Working in your pajamas from the comfort of your home is nice. The commute is quite convenient, and so is the short walk to your kitchen to grab a bite at lunchtime. But, remote work also has its drawbacks.
If you’re having trouble keeping your eyes open and your brain focused, you might be experiencing virtual fatigue.
You know the feeling. After hours of virtual Zoom meetings, Slack conversations, and back and forth emails, your mind and body start to drag by the end of the day.
Are you looking for ways to deal with virtual fatigue?
We’ve got a few tips to help you get through your remote workday without feeling drained. We’ll address some of the reasons we feel virtual fatigue and different ways to cope.
What Causes Virtual Fatigue?
Virtual fatigue is more than just a trending phrase; it’s real.
It’s exhausting to spend the majority of your workweek communicating through your computer. For many people, remote work also presents the added challenge of adjusting to an entirely new way of working.
Before everyone started quarantining due to COVID-19, you may have had a Zoom call here and there. But now, all of a sudden, everyone’s Zooming everywhere.
In April 2020 alone, Zoom saw 300 million daily meeting participants.
They also found that video meetings, in particular, are associated with stress and fatigue, compared to other remote work, like messaging through email or in Slack.
Microsoft’s findings suggest the following factors result in feelings of virtual fatigue:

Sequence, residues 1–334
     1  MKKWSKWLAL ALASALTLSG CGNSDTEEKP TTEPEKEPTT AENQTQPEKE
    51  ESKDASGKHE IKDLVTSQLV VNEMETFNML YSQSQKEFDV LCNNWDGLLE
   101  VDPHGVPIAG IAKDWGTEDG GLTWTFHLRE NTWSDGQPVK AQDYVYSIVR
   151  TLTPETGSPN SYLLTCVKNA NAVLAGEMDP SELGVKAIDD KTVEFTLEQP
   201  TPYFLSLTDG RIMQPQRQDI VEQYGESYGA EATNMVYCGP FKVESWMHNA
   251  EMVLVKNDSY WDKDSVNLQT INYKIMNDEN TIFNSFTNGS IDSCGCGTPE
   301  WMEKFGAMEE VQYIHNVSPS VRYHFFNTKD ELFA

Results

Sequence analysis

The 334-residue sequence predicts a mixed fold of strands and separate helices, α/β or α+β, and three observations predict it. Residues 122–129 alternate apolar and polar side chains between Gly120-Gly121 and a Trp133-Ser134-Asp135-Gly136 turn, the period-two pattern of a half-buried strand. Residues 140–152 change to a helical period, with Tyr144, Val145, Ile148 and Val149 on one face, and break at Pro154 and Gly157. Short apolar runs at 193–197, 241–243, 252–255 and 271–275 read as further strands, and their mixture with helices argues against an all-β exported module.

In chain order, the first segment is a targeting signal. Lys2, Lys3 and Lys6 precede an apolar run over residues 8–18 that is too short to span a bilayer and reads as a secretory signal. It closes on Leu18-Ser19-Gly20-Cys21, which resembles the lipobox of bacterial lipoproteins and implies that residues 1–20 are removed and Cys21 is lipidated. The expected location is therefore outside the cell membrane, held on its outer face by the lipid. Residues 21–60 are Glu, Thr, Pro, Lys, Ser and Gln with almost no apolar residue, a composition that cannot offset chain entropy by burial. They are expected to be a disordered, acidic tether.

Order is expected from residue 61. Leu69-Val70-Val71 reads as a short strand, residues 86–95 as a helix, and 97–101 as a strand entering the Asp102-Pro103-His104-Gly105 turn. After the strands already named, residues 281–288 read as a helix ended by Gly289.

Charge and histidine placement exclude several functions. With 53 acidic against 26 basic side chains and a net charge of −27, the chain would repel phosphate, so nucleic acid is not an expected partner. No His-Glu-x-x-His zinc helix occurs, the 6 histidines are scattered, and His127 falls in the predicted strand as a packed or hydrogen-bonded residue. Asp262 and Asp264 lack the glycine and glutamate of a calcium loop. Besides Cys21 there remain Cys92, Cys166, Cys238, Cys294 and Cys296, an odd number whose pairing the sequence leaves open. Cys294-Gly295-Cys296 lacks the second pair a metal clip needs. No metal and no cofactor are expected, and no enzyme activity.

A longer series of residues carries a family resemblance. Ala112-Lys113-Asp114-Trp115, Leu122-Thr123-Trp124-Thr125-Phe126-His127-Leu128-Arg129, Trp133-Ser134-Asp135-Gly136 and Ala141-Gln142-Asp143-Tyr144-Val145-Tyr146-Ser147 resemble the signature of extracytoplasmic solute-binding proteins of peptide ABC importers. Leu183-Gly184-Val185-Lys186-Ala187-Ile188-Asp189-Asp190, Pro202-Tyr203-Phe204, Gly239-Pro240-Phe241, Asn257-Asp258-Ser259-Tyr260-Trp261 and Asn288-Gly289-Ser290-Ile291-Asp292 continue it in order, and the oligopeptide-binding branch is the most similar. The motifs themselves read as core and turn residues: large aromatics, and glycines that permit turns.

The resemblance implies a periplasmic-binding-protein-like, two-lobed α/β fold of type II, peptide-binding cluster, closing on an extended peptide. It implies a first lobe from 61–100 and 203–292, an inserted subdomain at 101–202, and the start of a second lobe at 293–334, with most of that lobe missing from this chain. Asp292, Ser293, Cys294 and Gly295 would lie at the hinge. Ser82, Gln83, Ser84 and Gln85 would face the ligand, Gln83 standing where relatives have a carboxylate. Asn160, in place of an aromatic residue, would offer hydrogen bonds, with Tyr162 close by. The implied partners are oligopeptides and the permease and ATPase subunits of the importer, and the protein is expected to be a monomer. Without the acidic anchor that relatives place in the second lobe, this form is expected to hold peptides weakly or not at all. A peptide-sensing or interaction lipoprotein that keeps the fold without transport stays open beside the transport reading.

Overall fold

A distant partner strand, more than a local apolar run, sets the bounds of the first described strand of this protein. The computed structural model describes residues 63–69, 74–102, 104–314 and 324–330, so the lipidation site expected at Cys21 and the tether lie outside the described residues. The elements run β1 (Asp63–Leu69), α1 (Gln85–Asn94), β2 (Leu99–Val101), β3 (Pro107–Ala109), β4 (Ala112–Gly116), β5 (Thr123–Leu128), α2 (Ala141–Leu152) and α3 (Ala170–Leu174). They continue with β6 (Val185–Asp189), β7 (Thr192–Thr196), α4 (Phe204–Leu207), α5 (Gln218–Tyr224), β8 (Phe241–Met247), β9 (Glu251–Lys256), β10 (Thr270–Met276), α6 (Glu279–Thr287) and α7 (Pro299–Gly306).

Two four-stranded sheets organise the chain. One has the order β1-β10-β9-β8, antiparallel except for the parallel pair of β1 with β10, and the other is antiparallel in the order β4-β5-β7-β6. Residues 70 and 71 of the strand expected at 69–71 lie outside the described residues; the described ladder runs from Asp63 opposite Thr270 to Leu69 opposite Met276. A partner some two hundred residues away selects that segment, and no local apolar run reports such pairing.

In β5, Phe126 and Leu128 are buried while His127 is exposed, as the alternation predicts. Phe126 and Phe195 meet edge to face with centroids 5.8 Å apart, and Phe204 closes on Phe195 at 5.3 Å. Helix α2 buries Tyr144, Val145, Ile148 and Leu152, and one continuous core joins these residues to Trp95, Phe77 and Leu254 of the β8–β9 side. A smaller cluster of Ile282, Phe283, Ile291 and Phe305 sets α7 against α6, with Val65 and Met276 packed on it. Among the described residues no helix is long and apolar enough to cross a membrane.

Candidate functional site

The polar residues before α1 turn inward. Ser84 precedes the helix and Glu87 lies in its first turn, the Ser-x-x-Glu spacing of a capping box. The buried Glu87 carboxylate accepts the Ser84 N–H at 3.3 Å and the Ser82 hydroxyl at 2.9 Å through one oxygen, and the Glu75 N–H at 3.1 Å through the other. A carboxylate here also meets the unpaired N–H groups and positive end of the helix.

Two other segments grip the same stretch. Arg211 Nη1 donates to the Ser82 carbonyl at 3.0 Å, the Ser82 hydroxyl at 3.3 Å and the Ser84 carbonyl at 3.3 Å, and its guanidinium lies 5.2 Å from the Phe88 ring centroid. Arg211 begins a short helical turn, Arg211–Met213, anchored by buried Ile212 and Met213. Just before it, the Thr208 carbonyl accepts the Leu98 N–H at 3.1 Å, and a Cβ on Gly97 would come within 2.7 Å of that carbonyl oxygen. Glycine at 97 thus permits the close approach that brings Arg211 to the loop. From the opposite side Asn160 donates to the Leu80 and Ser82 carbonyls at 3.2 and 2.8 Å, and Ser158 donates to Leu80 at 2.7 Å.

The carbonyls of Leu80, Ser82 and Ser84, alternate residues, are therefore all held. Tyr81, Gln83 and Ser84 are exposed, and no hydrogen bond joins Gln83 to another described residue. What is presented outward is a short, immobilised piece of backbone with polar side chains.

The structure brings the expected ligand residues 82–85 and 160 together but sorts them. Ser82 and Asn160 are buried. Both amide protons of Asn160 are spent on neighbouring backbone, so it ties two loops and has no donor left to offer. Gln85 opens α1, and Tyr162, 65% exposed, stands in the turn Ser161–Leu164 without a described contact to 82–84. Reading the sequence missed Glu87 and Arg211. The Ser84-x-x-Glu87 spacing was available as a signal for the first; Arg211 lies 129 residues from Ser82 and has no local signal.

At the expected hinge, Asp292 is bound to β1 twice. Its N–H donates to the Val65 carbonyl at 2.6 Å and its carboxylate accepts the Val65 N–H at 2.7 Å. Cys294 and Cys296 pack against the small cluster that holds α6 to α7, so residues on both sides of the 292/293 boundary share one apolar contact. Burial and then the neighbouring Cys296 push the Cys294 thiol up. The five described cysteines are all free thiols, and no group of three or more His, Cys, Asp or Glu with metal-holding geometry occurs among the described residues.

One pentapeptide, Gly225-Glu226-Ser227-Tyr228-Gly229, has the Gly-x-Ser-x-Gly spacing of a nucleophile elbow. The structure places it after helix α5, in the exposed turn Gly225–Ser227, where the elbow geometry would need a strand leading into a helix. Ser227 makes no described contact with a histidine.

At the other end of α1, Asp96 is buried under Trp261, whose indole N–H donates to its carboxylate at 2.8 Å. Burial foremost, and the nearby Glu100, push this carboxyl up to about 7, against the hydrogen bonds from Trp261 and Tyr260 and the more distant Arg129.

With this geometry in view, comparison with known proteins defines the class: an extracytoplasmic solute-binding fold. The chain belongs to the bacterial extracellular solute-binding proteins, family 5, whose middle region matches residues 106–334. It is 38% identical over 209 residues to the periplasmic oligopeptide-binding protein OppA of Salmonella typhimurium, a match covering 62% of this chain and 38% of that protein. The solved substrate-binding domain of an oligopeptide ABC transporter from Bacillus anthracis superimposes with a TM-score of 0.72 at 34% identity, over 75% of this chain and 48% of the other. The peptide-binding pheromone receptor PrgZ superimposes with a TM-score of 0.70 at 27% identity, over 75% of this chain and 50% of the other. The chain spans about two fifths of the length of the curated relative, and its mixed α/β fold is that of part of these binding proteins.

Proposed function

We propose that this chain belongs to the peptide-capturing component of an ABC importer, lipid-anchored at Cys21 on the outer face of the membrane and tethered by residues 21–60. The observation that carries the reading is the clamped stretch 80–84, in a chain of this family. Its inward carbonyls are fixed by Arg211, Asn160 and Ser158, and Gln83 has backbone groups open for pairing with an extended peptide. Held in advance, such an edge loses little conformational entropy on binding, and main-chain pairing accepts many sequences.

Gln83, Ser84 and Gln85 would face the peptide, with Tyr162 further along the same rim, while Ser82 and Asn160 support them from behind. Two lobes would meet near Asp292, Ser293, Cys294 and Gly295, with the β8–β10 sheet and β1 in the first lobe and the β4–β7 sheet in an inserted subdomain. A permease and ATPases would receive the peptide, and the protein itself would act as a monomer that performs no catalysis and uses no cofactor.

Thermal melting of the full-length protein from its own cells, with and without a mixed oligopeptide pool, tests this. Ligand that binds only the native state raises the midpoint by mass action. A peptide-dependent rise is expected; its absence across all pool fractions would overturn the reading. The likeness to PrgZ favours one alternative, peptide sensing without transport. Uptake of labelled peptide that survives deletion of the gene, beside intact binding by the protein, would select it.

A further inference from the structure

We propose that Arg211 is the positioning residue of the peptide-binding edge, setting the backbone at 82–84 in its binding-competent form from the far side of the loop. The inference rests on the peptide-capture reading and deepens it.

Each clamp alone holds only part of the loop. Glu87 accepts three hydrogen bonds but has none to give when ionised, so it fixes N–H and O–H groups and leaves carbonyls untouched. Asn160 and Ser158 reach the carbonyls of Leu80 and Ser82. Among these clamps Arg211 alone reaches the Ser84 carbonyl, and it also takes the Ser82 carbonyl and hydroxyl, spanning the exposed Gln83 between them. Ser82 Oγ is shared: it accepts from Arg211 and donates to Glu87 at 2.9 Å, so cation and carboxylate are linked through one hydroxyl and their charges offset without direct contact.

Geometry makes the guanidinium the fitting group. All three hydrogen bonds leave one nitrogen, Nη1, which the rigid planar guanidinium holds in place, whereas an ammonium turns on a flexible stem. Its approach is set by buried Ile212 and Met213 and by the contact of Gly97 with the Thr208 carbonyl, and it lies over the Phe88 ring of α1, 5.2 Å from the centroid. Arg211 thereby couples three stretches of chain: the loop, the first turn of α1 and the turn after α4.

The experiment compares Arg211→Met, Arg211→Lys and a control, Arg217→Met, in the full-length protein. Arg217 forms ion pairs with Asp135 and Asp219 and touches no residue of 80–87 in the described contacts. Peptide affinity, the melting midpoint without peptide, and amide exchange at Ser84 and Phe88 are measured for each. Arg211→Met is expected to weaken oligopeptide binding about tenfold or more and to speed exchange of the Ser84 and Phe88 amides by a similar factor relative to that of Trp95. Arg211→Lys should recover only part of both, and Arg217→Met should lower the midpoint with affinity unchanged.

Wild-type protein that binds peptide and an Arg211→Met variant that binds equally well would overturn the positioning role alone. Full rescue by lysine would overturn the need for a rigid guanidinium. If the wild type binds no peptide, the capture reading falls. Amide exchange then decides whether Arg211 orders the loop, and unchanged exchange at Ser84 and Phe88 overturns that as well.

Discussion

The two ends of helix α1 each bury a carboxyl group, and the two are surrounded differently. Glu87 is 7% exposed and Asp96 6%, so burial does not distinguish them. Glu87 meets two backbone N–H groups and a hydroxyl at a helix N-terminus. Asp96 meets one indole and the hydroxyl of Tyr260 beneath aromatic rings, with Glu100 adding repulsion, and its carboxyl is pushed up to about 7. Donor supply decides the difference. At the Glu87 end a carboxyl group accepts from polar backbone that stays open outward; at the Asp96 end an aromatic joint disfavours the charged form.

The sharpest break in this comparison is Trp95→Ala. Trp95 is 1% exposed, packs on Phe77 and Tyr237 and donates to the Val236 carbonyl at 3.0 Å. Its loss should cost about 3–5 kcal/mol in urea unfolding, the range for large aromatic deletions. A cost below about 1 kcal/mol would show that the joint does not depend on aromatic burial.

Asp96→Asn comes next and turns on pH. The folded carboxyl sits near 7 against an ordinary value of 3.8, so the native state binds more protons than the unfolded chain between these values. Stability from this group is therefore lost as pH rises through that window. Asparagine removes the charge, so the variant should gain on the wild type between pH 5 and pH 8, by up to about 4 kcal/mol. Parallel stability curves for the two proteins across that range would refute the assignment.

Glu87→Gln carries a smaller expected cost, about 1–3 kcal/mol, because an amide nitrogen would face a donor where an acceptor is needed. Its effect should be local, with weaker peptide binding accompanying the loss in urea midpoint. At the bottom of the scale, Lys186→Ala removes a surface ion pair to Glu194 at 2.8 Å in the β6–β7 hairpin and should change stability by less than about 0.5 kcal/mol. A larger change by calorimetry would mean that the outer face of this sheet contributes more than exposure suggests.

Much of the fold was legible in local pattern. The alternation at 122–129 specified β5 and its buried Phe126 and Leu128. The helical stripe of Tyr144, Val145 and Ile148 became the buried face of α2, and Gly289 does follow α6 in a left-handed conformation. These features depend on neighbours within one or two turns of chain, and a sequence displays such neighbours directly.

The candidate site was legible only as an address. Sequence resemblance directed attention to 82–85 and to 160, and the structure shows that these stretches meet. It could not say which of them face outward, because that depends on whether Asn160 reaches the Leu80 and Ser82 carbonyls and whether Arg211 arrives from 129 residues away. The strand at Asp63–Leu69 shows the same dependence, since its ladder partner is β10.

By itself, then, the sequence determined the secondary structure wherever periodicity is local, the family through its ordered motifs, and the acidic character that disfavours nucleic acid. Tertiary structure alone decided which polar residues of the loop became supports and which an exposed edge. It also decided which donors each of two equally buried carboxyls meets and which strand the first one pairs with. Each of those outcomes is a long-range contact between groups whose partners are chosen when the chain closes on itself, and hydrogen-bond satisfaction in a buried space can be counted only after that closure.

- Focusing on a screen for long periods
- A lack of non-verbal communication
- Not having a life-size view of the people you’re talking to
- Trying to balance working from home with other household tasks
- Difficulty finding a quiet space to focus at home
How to Avoid Zoom Fatigue
If you’re experiencing Zoom fatigue, there are a few things you can do to prevent over-exhaustion.
1. Take a Break (or Multiple Breaks)
Your brain isn’t meant to stay hyper-focused every minute of the day. It needs a break now and then, especially if you plan to be on multiple video calls throughout the day.
When scheduling meetings, try to work in a buffer between them. Give yourself time to get up and walk around a bit so that your mind can recharge.
If you can’t do it after every meeting, at least make sure to take a break every couple of hours. Otherwise, you’ll find yourself struggling to concentrate.
2. Shoot for Shorter Meetings
It’s not always possible to dictate a meeting’s length, but if you can, limit them to 30 minutes. If you aren’t able to get to everything in that timeframe, schedule a follow-up meeting for later in the day.
That way, you can give your brain a break from video calls and come back to the topic feeling refreshed.
3. Break Up Longer Meetings
If you can’t shorten your meeting, work in multiple short breaks instead — especially if it’s a particularly long meeting. You can cover a lot of ground and still allow your brain to rest when it needs to. You’ll likely have a more productive meeting as a result.
4. Minimize On-Screen Distractions
When you’re on a video call, you’re not only looking at the many faces on your screen; you’re also looking at everything going on in their backgrounds. With so many faces and objects to take in, it’s no wonder why we lose focus so quickly.
Save yourself from virtual exhaustion by asking your group members to turn off video when they aren’t speaking.
5. Swap Out Some Virtual Meetings with Phone Calls
Not every meeting requires video. While it’s nice to interact with people face-to-face, we all need a break sometimes. Think about whether video conferencing is necessary before you book your next Zoom call.
If you’re suffering from virtual fatigue, remember to:
- Take breaks often
- Opt for a phone call vs. Zoom
- Keep meetings short
- Avoid virtually overbooking yourself
Check out our list of remote resources to help you succeed while working from home.